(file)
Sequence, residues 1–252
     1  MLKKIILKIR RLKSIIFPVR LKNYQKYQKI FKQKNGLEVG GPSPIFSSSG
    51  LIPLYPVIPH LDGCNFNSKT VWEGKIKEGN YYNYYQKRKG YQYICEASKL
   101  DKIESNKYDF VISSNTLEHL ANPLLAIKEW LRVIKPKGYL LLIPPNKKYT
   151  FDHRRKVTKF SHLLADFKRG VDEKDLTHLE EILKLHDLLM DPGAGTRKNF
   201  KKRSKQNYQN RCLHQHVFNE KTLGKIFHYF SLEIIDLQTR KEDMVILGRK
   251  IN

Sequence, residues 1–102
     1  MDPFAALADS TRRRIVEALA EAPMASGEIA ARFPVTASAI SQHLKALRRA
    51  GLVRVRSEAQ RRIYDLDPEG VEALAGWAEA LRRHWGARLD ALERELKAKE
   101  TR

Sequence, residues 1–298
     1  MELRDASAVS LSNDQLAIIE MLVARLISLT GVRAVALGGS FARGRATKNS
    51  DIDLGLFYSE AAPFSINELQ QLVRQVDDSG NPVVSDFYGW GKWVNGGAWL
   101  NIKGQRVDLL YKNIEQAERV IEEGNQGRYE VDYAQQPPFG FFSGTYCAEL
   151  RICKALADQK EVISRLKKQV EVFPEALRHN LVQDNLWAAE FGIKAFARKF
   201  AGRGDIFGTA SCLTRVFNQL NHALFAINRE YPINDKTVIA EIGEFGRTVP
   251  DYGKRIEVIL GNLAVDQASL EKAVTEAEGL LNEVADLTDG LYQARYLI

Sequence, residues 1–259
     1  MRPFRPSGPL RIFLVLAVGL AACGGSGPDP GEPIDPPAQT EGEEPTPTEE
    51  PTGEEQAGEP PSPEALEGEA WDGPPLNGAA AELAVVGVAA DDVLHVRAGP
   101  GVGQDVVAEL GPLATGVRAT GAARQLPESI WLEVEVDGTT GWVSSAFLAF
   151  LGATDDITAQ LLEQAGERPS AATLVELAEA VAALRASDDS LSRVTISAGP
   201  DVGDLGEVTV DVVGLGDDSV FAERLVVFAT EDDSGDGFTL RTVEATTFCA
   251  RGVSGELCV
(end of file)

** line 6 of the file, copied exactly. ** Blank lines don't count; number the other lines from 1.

   201  KKRSKQNYQN RCLHQHVFNE KTLGKIFHYF SLEIIDLQTR KEDMVILGRK